Ideational inventory

Day 321 Week 44 Q4 Saturday, November 18, 2023

“You must have chaos within you in order to give birth to a dancing star,”  Friedrich Nietzsche.

Have you ever felt like you knew exactly what you wanted to do, and you knew exactly how you wanted to do it, and you knew what you wanted to get out of it, but there was so much swirling around within you that it felt like chaos? You are not alone. It may take order and organization to restructure things, but it also takes dissembling the prior order, and there are periods of chaos that have to be navigated.

Every time a door or window closes, there becomes a new opportunity to be explored. Actually, there becomes an entire pile of opportunities and, along with them, a pile of responsibilities. I kind of love the opportunity and hate the responsibilities. But they are intertwined. You don’t get to go to a new place without first having to do at least a little bit of packing and mobilizing what you need to bring with you.

Even if the mobilizing is just mobilizing your thoughts, they still need to be packed up and organized in some way so that you can bring them somewhere. You need to think of how to deploy your insights. If you never deploy them, you may run out of room to store them all.  Sometimes, when you have too much inventory, it is time to have a sale or at least do a promotional event to get rid of some of it. I frequently feel like I have too many thoughts. Perhaps this is an ideational inventory.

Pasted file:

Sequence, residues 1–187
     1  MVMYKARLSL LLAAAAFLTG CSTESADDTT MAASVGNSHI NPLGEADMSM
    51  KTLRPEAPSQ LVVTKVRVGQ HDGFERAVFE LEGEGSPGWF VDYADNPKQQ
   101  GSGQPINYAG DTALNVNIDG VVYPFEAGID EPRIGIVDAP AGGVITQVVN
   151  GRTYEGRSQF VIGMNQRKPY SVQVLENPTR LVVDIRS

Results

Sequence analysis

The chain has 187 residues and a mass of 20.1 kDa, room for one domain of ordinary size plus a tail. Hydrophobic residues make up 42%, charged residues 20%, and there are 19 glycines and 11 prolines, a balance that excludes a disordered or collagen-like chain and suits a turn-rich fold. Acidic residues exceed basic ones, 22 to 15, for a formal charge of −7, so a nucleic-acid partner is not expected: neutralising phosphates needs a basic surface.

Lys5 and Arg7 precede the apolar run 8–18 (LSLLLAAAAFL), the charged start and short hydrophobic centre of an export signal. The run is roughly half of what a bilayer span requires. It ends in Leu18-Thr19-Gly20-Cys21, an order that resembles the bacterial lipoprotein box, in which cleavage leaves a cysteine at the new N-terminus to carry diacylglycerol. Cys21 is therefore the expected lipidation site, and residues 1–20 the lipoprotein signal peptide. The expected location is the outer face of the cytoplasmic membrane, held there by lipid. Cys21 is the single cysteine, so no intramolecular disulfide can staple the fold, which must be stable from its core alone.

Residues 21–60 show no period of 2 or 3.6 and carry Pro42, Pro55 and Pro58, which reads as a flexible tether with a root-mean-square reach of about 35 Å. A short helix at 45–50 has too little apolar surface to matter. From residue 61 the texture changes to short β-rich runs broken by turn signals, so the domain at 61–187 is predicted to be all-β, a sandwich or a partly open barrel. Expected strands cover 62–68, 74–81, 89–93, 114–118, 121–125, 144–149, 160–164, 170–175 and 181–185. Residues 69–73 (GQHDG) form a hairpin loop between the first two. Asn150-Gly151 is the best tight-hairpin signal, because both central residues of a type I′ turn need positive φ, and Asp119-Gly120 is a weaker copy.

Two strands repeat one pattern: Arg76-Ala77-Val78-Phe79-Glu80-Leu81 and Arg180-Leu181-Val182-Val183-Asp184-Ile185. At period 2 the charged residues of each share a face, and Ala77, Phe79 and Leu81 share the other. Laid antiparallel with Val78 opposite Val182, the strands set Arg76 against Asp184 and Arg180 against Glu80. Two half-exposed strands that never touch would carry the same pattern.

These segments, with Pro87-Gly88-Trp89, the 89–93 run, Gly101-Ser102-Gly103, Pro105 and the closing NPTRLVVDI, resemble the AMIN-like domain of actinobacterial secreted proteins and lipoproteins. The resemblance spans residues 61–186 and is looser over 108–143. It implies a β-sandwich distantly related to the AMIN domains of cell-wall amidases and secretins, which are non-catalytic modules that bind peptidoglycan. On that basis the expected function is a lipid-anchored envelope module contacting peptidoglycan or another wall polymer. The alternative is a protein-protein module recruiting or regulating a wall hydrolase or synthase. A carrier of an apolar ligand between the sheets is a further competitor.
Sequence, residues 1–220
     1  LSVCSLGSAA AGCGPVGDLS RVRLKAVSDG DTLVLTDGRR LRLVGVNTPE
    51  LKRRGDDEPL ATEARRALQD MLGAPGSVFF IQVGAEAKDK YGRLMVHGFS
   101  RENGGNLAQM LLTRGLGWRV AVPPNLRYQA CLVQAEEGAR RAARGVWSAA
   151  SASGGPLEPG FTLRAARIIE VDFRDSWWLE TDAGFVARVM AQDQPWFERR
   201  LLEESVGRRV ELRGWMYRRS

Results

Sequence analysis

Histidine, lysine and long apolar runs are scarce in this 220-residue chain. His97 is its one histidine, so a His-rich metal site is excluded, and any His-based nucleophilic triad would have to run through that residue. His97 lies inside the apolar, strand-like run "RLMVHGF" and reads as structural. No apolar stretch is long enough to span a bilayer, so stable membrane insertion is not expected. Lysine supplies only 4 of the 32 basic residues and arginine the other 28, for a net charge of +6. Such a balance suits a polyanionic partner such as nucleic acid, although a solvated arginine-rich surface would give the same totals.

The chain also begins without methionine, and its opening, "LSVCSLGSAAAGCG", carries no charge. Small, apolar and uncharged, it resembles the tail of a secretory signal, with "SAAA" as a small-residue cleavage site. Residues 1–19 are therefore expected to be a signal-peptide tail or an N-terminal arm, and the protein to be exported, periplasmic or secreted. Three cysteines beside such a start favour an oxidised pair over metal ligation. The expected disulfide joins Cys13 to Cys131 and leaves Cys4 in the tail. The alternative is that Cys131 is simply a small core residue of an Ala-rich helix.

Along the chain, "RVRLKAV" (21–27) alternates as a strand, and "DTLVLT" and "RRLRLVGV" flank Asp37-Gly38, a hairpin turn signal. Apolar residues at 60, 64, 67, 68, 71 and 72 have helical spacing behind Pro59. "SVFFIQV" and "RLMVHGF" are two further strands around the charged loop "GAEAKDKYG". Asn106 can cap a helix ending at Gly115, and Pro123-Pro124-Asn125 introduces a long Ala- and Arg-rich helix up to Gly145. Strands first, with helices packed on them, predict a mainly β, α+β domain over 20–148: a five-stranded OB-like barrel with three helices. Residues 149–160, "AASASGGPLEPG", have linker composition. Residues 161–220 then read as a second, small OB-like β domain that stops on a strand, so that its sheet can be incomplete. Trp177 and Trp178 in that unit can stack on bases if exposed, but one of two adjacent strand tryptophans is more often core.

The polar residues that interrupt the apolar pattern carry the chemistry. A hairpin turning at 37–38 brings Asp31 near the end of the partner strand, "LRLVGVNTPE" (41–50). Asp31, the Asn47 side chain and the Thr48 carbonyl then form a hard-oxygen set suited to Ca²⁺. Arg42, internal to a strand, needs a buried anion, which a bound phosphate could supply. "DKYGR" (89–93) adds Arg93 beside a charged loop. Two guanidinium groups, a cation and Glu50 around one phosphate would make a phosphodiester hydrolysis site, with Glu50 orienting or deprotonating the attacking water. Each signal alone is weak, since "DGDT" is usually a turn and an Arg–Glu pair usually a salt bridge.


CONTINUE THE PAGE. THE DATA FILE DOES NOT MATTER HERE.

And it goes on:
What can you do with an ideational inventory? Well, in theory, you can change the world. It all depends on the quality of the ideas and what you do with them. If they are stillborn because there is no deployment plan, then it doesn’t matter how good they are. If you have a magnificent plan for getting them out into the world, but they aren’t any good, that doesn’t matter either.

There is always a set of trade-offs in every situation. It has been said that you cannot do something excellent quickly. That you have to choose between speed and quality. This is not necessarily true. You may have to spend a lot of time learning how to do something very well and very quickly, and after making that investment, you may be able to become a faucet of ideas that can be turned on, and high-quality ideas can spew out quickly, perhaps too quickly, to be useful.

It is precisely how you manage this chaos inside, your ideational inventory that determines your efficacy in the world. But don’t expect to get away with having no chaos, for entropy is a natural outcome of life. But it can be overcome with conscious, well-managed activity. 

Manage the chaos within it and turn it into an ideational inventory that can be deployed!